Unbundling refers to the practice of dividing legal representation into separate and distinct tasks. Think of unbundling as an à la carte option for legal services, where a lawyer can only handle certain parts instead of handling an entire case from start to finish. For example, a lawyer may provide legal advice and prepare briefs while a client handles all other duties of the case, including filing court documents and appearing at hearings. Unbundling is also known as “limited representation,” “limited legal assistance,” “limited supportive representation,” and “discrete representation of tasks.” The terms are often used interchangeably, but they all refer to the same practice. It is sometimes referred to as “limited representation,” but it misses the point: it is the scope of representation that is limited, not legal assistance. Limited representation can be considered one of the highest vocations of the legal profession. By offering unbundled legal services, lawyers can provide closer support that requires fewer billable hours and free up more time to help more clients. The establishment of this system of alternative services will help more people to access justice.
There are many people who divorce and separate, or who engage in a series of civil lawsuits who do not have the financial resources to hire a lawyer. The results of the IAALS “Cases Without Counsel” study and research conducted by others suggest that the results may be influenced if litigants are not represented. The unbundled legal services model offers litigants the option of hiring counsel only for certain parts of the process, perhaps only for the most difficult and confusing parts. This arrangement provides litigants with access to affordable legal services and cost certainty. (Many of these articles are older articles and focus on providing limited legal services offline, not online, but are helpful in understanding the concept.) Unbundled legal services (also known as limited scope legal services) are tailored to your needs and budget. Lawyers in this program will review your legal problem and work with you to design a plan that works for you. They can give you advice, help you draft court documents, or go to court, each with their own upfront costs. Since you decide what you will do and what the lawyer will do, you can spend as much or as little time working with your lawyer as necessary. This will save you money and only get the legal assistance you need.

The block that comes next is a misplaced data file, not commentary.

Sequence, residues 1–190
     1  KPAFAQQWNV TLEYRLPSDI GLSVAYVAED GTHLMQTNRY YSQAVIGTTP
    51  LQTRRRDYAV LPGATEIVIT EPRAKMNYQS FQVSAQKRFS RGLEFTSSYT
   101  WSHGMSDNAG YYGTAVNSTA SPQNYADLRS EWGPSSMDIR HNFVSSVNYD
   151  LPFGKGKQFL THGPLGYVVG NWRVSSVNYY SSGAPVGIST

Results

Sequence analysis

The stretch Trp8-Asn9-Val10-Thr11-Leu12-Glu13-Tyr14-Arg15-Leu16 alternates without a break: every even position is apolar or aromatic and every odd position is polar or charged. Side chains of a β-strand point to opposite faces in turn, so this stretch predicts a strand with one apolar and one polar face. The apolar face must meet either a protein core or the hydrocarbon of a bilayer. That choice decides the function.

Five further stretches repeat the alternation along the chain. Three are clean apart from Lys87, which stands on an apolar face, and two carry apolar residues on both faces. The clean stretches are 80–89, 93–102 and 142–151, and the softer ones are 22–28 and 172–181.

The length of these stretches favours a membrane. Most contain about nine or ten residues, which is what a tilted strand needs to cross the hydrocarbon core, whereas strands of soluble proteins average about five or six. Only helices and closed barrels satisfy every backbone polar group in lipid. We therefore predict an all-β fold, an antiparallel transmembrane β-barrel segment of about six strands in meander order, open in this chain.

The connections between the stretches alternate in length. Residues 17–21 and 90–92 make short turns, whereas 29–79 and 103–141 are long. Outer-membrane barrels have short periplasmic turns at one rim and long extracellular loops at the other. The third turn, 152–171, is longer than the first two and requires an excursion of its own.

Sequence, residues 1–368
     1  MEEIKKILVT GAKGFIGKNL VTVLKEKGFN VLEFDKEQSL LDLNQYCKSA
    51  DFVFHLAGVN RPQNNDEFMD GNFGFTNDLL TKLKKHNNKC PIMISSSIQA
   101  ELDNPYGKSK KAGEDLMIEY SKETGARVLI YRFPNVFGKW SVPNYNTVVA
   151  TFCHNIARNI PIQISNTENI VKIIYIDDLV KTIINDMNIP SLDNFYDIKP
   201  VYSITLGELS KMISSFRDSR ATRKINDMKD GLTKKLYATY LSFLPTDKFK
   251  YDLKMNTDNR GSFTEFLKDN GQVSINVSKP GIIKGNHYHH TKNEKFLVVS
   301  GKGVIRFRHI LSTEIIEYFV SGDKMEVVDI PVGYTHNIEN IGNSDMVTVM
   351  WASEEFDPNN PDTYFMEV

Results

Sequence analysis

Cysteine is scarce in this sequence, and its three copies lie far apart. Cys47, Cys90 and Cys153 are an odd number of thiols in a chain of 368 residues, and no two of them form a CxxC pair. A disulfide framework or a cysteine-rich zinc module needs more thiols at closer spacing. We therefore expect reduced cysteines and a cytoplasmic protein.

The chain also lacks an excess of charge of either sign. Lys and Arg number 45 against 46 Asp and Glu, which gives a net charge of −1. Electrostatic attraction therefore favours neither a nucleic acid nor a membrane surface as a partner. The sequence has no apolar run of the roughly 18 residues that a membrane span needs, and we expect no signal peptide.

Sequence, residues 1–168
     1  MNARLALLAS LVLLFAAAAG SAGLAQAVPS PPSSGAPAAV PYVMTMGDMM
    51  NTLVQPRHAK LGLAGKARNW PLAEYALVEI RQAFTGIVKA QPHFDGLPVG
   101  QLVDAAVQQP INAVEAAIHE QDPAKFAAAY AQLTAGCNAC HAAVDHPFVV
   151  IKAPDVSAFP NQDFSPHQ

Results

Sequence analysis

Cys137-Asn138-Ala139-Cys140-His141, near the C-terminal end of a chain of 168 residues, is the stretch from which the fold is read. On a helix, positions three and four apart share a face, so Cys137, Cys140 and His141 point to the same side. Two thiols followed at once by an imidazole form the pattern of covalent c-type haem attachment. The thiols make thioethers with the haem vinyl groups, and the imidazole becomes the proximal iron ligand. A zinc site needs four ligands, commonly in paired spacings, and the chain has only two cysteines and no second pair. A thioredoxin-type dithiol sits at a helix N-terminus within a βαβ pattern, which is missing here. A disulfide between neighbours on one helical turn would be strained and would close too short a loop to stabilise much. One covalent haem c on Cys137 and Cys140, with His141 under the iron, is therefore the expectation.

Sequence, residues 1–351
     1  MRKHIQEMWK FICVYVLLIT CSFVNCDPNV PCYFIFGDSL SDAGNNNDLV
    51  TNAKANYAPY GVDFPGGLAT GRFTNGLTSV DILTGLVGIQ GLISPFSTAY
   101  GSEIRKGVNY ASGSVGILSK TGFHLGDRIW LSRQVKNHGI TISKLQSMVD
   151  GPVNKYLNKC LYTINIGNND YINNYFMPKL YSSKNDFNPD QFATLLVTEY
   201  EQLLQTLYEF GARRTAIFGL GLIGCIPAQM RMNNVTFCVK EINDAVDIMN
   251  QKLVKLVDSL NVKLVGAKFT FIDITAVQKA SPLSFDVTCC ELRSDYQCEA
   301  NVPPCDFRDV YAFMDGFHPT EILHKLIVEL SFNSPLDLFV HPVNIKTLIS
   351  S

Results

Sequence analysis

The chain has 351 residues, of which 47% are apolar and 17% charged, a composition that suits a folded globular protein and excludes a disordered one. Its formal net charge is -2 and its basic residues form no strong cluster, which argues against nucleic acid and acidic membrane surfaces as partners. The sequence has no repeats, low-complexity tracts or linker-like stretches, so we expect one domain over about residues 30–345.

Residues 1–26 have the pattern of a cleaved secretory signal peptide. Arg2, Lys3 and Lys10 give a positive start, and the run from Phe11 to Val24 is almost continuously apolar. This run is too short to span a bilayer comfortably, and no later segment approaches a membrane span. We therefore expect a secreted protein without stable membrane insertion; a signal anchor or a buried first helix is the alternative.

By offering services to both markets, specialty lawyers can serve more clients, provide better service and attract new types of clients. All of this is possible because unbundled legal services are more affordable and can help you grow and scale your business, whether it`s litigation or transactions.